Sure, some commercial robots are just out and out scams. For instance, an unscrupulous vendor might realise that his EA would have blown up an account on a certain day, so he will hardcode any bad dates into the EA to prevent them from taking trades in the strategy tester on those dates.
Unsuspecting buyers will see an equity curve produced by the tester showing a steady rise because it won't have taken any of the fatal trades. Anybody caught by a scam like this risks not only losing the purchase price of the EA, but also the contents of their account when the EA inevitably blows it up at some stage in the future!
In my view, this is just downright deception and such products rightfully need to be exposed for what they are!
Fortunately such instances tend to be few and far between, although there becomes a tendency to tar every EA vendor with the same brush. This is unfair because there are some good guys out there.
The worst enemy facing EA purchasers in my opinion though, happens to be the purchaser himself. I believe that most EA purchasers tend to have too high a level of expectation and wrongly think that they'll be able to make their million from an EA within a few weeks.
Life isn't like that though. Most novice traders don't understand that losses can happen regularly. They don't understand that losing spells may last for several weeks or months on end. And, above all, they don't fully appreciate the emotional turmoil that people face when losses inevitably happen.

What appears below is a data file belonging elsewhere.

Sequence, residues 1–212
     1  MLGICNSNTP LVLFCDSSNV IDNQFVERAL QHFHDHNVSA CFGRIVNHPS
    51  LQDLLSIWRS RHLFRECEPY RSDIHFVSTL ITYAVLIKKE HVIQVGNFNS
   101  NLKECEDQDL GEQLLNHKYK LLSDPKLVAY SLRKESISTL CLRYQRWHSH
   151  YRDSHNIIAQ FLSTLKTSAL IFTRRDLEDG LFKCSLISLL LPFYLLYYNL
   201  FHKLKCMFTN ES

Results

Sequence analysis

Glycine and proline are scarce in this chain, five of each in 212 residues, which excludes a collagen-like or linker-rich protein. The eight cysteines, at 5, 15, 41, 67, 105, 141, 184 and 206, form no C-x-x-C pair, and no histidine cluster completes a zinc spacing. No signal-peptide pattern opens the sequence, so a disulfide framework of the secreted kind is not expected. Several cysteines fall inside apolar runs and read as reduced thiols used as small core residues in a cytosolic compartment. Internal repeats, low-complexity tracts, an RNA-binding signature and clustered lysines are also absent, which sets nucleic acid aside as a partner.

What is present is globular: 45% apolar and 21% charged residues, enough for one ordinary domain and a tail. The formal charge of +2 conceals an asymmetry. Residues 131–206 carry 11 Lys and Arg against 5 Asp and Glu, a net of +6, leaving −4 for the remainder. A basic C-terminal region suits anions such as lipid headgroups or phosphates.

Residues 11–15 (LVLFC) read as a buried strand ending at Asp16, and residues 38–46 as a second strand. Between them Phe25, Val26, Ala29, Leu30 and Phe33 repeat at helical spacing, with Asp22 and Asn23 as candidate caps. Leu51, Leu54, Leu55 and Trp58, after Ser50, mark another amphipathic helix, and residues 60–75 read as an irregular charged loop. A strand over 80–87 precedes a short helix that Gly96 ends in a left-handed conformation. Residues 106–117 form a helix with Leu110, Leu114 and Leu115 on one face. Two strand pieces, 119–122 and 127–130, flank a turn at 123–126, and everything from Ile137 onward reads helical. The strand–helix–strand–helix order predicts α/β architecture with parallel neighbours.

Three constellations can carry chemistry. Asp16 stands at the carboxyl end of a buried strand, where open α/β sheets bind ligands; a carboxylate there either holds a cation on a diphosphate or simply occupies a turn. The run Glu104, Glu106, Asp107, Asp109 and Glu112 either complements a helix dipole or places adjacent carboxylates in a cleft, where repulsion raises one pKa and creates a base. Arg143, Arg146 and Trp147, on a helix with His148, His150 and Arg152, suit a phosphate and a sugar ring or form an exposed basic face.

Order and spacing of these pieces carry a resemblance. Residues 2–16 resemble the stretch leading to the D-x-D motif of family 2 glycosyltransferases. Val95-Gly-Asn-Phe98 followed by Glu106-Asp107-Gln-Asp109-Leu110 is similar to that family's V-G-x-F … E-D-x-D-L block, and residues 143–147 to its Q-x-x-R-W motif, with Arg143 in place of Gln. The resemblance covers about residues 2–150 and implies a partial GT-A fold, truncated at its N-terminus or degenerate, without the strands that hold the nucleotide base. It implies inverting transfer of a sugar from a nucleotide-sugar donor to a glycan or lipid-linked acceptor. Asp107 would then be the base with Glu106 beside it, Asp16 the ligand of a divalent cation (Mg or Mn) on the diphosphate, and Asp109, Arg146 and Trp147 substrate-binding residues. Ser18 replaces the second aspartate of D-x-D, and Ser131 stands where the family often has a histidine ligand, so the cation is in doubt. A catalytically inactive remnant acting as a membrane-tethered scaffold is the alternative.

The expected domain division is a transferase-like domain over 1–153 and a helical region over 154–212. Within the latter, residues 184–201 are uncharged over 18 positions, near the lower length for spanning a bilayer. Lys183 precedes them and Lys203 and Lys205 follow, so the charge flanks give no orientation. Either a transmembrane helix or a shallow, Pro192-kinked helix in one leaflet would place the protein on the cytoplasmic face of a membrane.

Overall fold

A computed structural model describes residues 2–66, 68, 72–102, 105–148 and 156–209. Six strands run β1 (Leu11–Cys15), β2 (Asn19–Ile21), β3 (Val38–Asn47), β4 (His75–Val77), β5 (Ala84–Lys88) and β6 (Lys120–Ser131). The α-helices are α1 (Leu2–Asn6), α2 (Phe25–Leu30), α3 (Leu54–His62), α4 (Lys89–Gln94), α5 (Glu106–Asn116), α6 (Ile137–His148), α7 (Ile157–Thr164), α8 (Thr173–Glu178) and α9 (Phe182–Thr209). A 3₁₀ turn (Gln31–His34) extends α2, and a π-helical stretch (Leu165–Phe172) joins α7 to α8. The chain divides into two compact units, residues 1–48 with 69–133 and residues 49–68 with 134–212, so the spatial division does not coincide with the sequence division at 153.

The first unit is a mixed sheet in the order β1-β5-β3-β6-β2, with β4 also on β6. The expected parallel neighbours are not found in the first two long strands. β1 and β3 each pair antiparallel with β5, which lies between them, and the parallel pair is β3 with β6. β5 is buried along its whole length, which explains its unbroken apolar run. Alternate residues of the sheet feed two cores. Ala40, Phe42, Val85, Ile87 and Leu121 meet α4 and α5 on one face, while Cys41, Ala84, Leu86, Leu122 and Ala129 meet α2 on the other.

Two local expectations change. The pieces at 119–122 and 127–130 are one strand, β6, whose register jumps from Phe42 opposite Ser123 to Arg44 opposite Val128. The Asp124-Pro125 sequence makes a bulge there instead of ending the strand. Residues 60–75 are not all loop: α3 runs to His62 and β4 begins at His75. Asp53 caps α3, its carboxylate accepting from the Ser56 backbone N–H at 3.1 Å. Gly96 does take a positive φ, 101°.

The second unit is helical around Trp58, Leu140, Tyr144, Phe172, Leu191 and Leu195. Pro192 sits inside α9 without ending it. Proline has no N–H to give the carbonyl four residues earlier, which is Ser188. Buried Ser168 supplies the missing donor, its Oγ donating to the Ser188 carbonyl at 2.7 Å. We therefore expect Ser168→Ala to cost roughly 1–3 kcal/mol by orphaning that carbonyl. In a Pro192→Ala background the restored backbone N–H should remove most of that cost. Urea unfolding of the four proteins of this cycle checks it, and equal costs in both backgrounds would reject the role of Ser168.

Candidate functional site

Realistically, a professional trader should be looking to double his money each year. To do this, he will invest wisely and he will not risk too much. His primary aim will be to ensure that he still has sufficient funds to return to the market. Let's face it, most banks are paying savers peanuts for interest at the moment, so anybody who doubles up in a year will have easily beaten The Street.
The same should be said of expert advisors and this is probably because they tend to be marketed towards inexperienced traders. Most are deemed to be failures because the user has an unreasonable level of expectation. Users will frequently trade them with too high a level of risk, and won't do the necessary tests before putting them on a live account.
Tests are very important because they show whether the robot is likely to endure lean spells. They will show the true consequences of a few losing trades in succession. They will also show the right level of risk to apply when setting the robot up. They will even show whether the robot is suited to a particular broker.
Forewarned is forearmed, as they say, and if all robots are tested properly from the outset, it should be seen that many don't really fail at all. All that is often needed to make them work profitably over a sustained period is a little patience.